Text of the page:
Certified Divorce Financial Analyst™, Michelle Ash has a must-read article about financial issues after divorce in womensdivorce.com. Here’s an overview:
The divorce is finally over, the decisions have been made, and now life proceeds anew for the client. But it's never really that easy, is it? For the newly-divorced client, the legal work may be done, but there's often a long list of financial clean-up that lies ahead.
As a life insurance broker, I pay special attention when experts offer advice on how to avoid troubles with your policy. Michelle points to a big one regarding the need to change the beneficiary designation when the divorce is finalized:
According to estate planning attorney C. Randolph Coleman of The Coleman Law Firm, "There usually are a half dozen cases during a typical year where someone will call and ask whether there is anything they can do to avoid the ex-spouse of their recently deceased spouse, parent, child or sibling, from taking the life insurance or retirement plan that the ex-spouse was still the beneficiary designated on the decedent's plans/policies. The short answer, there is nothing you can do. The beneficiary designation will trump the will or intestacy every time.”
Again from estate planning attorney, C. Randolph Coleman, "I probably see about 6 or 8 people a year who typically come in for estate planning 4 to 5 years after a divorce to 'finally get around' to updating their estate planning. Usually, during the course of our discussions I will suggest to them that they go back to their employer and check on the beneficiary designations for their life insurance and retirement plans. Invariably, about half of them will call back and tell me how much they appreciate the counsel to check because their ex-spouse remained their beneficiary.”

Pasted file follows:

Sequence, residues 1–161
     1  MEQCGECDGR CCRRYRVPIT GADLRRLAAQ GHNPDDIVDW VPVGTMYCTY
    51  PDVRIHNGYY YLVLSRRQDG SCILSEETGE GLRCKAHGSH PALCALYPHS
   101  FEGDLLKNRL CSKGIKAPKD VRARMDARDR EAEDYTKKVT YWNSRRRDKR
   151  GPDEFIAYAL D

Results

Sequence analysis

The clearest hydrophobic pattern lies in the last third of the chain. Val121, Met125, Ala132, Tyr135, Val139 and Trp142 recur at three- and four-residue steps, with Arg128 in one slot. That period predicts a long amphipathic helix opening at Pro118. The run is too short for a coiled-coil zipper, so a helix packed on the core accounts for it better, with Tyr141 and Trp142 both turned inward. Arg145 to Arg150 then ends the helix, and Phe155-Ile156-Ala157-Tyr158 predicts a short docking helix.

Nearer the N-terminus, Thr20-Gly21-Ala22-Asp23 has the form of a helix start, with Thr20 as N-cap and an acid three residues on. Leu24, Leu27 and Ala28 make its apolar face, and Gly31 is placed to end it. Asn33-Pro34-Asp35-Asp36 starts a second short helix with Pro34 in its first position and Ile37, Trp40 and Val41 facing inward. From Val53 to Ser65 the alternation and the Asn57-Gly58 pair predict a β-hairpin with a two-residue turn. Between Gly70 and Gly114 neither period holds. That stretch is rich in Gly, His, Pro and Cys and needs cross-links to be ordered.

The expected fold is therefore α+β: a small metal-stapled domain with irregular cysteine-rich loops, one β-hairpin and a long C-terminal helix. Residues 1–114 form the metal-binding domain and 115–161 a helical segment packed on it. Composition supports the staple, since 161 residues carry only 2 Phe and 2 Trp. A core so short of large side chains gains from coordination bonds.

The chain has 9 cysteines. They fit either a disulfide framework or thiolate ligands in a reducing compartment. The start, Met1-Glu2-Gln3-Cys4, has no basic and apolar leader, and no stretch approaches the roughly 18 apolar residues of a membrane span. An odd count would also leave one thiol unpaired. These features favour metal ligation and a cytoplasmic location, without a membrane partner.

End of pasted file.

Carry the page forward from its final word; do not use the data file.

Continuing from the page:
A big takeaway
One take away from the story is this: if you wait for a life event to prompt an update of your policy, you may end up doing too little too late. This problem can be avoided if you get into the practice of conducting regular audits of your policy. Policy audits can frequently head off trouble at the pass. To learn more, read here.
What about your policy?
What about your life insurance policy? Is the beneficiary designation is current?
Please feel free to comment, or to contact me directly with a specific question.